Saharan school-bus-sized sauropod patches up fossil record
The fossil record is patchy at best, but there's a particularly large hole in time and space over Africa towards the end of the dinosaurs' reign. Now, paleontologists have discovered a new species in the Sahara Desert that fits right in that gap. Meet Mansourasaurus shahinae, a school-bus-sized sauropod that plodded around Africa about 80 million years ago, which is helping scientists piece together the geology and evolutionary situation of the Late Cretaceous.
Mansourasaurus belongs to the Titanosauria group, the gigantic long-necked herbivores that were common across the world during the Cretaceous period. While this group includes the largest land animals to ever walk the Earth, such as Patagotitan, the newest member of the family was a more modestly-sized animal. Mansourasaurus was "only" as long as a school bus, and weighed about the same as an African bull elephant.
The bones were discovered in the Sahara Desert in Egypt, by a dig team from Mansoura University. It's the most complete dinosaur skeleton from that time period found in that area, with fossil fragments including parts of the skull, lower jaw, neck and back vertebrae, ribs, shoulders, forelimbs, hind foot and dermal plates.
But what's really important about the new species is the hole it plugs in our understanding of the time. African fossils dating back to the Late Cretaceous (about 100 million to 66 million years ago) are relatively scarce, leaving scientists with little information about the types of dinosaurs that inhabited the area at the time.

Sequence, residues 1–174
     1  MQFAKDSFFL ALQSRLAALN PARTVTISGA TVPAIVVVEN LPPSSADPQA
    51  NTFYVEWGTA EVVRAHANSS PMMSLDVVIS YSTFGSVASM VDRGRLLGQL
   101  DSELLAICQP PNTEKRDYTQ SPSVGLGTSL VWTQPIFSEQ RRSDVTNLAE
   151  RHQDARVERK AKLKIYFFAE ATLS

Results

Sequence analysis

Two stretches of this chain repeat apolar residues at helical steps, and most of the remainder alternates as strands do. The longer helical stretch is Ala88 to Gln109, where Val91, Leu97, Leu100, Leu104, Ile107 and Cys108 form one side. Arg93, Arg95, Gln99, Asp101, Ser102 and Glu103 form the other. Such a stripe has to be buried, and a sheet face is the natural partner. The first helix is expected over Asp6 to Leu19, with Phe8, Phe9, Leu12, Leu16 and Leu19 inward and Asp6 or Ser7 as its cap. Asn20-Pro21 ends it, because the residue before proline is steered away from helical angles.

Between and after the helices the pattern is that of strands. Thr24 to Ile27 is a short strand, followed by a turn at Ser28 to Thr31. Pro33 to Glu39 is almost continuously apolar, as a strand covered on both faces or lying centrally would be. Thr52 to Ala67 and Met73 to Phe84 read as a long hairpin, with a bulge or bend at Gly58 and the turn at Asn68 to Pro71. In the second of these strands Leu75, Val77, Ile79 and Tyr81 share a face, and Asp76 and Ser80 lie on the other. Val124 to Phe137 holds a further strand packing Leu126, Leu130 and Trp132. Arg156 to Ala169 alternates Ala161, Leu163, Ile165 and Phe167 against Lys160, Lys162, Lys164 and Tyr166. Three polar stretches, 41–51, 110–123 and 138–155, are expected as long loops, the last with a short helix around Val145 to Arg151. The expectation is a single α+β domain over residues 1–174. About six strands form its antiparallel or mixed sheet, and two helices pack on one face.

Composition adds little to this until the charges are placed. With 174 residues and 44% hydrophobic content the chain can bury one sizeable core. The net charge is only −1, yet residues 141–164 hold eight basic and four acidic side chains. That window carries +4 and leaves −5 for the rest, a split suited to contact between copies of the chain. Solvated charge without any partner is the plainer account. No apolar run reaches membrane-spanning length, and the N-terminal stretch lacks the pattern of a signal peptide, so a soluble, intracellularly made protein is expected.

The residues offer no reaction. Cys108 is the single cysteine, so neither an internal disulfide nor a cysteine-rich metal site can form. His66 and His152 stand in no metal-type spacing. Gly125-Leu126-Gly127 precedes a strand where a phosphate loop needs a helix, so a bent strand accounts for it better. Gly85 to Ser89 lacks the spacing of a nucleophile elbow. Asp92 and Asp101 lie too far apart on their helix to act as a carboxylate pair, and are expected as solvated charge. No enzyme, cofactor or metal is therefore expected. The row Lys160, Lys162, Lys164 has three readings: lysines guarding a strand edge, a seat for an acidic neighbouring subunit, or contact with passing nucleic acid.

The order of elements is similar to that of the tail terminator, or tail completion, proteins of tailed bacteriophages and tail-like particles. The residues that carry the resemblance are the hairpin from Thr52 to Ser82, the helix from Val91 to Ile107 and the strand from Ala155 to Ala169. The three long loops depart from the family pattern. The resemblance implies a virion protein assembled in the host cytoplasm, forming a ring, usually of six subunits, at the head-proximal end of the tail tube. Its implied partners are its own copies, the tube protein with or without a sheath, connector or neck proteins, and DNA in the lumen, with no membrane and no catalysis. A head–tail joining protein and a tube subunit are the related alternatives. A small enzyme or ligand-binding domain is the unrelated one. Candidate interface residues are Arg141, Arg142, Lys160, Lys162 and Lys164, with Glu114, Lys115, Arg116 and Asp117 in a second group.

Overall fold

"Mansourasaurus shahinae is a key new dinosaur species, and a critical discovery for Egyptian and African paleontology," says Eric Gorscak, contributing author on a study describing the new species. "Africa remains a giant question mark in terms of land-dwelling animals at the end of the Age of Dinosaurs. Mansourasaurus helps us address longstanding questions about Africa's fossil record and paleobiology – what animals were living there, and to what other species were these animals most closely related?"
That time frame is of particular interest to scientists because the Earth was undergoing some pretty massive changes. Before then, all the continents we know today were locked together to form one giant land mass known as Pangaea, but it was in the process of breaking apart during the Cretaceous. Whether Northern Africa was still connected to Europe was unknown, but by analyzing some of the bone features, the team determined that Mansourasaurus was more closely related to European and Asian dinosaurs than others in Africa or South America.
"Africa's last dinosaurs weren't completely isolated, contrary to what some have proposed in the past," says Gorscak. "There were still connections to Europe."
The research was published in the journal Nature Ecology and Evolution.
Source: Ohio University